We are making a video for our project and we have gotten some great pictures with these people as well as some super cute videos. On our trip to Kavod for fitness fun we got a cute video of Nikky and myself with a little lady from Mexico named Virginia lifting 3 pound weights. She was so excited to be in our video and lifting weights with the young girls.

My experience at Kavod has introduced me to so many different kinds of wellness. The two forms of wellness I have really seen and learned the most about though this is experience are multicultural wellness and relational wellness. With a lot of these people being Russian I have learned a lot about their culture and heritage. When one of their friend pass away they all stop by the visitation and tell stories about their friend and their friend’s life. It’s a much bigger deal and celebration than the visitations I’m accustom to. I also see relational wellness being the other type of wellness that is a huge part of this experience. The people at Kavod get so excited when they see us and just want to talk to us about any and everything. We spend just about as much time learning about their lives as we do doing the activity we are attending. It makes the people at Kavod happy to spend time with us and it makes me personally happy after is spend time with them and learn about their lives and experiences.

I will be sad when my time at Kavod comes to an end, but for now I have nail painting to look forward to doing for the ladies at Kavod tomorrow morning!

Coping. Sort’ve.

Written by Riley Robert, WLLC 2015-2016

A few weeks previous we attended a seminar addressing infant loss and how families are learning to cope with it. I, being a 19 year old student, have obviously not yet experienced this, and hope I never have to. However, I have experienced traumatic loss, so I like to think I understand at least a portion of the perspective that anyone going through a loss like this would have. I like to think that over this past year I’ve been coping. Sort’ve.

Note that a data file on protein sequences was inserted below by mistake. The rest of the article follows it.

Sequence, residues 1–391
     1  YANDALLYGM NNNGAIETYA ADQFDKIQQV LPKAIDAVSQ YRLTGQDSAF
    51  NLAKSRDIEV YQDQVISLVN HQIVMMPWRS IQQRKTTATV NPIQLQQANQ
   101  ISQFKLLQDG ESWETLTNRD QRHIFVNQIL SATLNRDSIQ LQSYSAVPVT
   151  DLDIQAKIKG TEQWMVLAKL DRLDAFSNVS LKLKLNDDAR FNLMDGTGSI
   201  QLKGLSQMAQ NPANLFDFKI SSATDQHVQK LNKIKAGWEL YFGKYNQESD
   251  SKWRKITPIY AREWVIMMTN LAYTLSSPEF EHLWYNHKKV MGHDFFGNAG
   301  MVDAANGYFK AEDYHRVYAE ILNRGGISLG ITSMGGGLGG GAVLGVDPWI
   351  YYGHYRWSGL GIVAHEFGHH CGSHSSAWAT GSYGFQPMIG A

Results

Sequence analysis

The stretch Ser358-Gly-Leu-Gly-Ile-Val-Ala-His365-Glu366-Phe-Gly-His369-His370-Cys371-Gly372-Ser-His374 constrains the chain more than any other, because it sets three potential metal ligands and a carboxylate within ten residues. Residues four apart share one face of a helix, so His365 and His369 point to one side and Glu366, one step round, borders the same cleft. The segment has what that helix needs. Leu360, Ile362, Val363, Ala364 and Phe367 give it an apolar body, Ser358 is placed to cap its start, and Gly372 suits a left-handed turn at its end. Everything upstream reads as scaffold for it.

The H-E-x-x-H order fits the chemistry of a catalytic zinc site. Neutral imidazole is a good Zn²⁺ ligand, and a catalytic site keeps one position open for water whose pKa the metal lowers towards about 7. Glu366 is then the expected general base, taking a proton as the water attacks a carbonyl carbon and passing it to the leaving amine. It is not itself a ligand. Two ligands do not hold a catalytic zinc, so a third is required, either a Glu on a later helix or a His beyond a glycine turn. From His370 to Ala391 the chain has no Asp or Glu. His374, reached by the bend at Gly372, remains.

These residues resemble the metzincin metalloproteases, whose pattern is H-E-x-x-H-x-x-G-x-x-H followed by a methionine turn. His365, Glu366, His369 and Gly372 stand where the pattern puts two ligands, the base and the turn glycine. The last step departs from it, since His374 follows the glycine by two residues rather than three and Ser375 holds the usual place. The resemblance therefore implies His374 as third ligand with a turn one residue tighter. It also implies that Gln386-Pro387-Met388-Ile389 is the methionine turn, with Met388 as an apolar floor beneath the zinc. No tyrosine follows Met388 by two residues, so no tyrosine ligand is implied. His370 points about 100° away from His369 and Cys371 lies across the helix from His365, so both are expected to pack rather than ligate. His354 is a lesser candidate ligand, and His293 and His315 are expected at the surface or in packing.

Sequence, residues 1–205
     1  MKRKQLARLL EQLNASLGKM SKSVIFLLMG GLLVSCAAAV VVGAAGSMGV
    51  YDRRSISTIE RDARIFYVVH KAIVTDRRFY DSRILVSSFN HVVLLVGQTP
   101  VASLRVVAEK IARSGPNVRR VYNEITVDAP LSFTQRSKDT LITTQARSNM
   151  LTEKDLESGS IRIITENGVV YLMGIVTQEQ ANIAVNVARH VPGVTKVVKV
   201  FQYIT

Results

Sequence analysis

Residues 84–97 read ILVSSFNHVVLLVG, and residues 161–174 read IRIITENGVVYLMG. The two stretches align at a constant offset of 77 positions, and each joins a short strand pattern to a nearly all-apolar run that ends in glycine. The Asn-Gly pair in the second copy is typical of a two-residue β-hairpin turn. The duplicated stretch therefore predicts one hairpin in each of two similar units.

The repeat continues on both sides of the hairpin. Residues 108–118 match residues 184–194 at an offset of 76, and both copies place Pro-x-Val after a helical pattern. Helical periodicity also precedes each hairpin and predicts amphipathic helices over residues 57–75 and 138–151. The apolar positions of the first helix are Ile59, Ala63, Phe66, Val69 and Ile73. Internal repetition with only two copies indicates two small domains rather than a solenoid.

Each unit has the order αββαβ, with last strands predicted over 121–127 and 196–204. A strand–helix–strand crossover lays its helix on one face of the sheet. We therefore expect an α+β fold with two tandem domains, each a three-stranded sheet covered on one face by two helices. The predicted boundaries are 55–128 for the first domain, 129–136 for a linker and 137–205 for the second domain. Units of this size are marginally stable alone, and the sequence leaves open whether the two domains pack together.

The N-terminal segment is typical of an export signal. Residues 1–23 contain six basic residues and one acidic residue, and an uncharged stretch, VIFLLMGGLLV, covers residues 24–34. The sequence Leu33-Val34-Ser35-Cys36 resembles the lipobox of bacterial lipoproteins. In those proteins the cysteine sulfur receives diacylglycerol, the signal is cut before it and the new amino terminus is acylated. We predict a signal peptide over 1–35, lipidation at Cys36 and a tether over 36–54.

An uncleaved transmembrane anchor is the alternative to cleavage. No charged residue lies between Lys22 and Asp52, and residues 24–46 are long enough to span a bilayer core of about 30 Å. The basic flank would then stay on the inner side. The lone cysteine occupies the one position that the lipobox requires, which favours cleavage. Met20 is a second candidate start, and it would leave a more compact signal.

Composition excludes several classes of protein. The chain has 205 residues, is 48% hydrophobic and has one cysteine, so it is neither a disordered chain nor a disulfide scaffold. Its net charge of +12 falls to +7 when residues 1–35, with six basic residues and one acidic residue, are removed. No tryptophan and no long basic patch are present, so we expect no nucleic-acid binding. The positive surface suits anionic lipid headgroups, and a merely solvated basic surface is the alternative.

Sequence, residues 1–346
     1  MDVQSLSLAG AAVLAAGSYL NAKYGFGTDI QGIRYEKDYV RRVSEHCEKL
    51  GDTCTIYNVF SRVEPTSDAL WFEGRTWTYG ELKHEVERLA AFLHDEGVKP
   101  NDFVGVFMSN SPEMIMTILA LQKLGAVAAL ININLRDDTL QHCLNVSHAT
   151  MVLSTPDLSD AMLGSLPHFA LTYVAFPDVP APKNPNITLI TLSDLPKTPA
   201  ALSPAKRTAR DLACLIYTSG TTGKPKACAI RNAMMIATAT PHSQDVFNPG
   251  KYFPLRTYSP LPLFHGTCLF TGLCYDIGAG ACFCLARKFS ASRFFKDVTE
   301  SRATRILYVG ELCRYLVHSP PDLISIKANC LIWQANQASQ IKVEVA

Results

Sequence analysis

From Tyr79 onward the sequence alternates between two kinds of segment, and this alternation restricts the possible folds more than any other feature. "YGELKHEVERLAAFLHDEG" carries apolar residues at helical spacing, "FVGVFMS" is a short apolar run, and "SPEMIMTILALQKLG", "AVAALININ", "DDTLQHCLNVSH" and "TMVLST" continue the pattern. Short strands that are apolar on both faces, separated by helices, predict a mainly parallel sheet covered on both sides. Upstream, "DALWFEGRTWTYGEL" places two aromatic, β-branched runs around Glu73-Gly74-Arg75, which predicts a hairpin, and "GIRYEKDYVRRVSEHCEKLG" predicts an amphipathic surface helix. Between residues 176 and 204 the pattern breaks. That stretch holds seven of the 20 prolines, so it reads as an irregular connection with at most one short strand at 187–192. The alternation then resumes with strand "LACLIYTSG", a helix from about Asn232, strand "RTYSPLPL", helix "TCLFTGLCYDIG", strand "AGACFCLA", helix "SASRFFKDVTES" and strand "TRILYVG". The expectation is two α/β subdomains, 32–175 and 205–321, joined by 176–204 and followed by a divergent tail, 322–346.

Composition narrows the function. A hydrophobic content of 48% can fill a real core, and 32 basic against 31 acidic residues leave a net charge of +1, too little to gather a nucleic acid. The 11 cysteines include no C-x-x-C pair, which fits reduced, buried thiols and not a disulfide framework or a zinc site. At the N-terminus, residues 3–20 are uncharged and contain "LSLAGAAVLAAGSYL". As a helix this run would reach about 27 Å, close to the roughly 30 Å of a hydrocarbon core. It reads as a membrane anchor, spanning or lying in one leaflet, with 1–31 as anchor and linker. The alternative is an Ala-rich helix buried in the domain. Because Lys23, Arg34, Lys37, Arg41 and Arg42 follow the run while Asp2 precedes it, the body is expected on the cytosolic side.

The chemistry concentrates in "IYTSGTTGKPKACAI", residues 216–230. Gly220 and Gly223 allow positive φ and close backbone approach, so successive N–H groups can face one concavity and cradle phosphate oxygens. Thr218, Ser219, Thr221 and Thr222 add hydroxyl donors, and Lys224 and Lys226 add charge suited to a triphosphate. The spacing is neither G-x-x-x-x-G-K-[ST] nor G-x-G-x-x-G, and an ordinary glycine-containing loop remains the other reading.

A large portion of the seminar was focused on ways people find to cope. This included scrapbooking to commemorate their lost loved ones, but I felt like it also touched on things we do for ourselves. These are things that really make ourselves feel better. As much as some people dislike the idea of getting tattoos to commemorate loved ones, I have a tattoo on my shoulder that was inspired by two people that were very close to me that passed away. I didn’t get their name or initials, I got an ohm sign with the circle of life around it. As strange as it sounds, I can’t find the word choice to do justice for what this tattoo means to me, and I think getting it helped me accept reality and move forward. Having said this, I don’t think commemoration is the only way to cope with loss. I think a large part of coping is getting out of bed, even when it physically hurts, and making yourself do something to lift you up. Drink coffee on the porch in the morning. Read a good book. Go for a walk on a nice day. Watch the sunset. Coping is doing things for yourself so it hurts less.